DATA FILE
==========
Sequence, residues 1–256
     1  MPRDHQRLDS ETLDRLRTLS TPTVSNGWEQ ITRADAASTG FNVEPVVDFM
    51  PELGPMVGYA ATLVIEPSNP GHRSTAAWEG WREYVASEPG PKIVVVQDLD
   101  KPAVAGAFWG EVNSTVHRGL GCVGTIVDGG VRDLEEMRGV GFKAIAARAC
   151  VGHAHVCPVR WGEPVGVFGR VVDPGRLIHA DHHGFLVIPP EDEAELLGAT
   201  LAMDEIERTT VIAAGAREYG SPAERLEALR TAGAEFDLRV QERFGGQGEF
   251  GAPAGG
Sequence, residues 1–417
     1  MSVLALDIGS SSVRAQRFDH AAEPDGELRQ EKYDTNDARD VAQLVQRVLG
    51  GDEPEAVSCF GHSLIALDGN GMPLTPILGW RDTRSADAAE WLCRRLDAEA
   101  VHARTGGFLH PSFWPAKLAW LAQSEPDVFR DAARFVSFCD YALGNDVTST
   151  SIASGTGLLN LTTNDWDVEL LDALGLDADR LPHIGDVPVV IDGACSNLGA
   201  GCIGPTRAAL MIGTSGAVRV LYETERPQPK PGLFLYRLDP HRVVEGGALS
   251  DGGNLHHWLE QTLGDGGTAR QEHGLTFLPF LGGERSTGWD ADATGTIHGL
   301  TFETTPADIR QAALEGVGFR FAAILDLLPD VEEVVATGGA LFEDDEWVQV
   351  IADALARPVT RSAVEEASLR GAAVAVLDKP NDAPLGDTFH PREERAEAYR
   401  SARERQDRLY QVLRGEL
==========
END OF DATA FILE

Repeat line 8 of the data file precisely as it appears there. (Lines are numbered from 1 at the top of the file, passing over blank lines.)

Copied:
Sequence, residues 1–417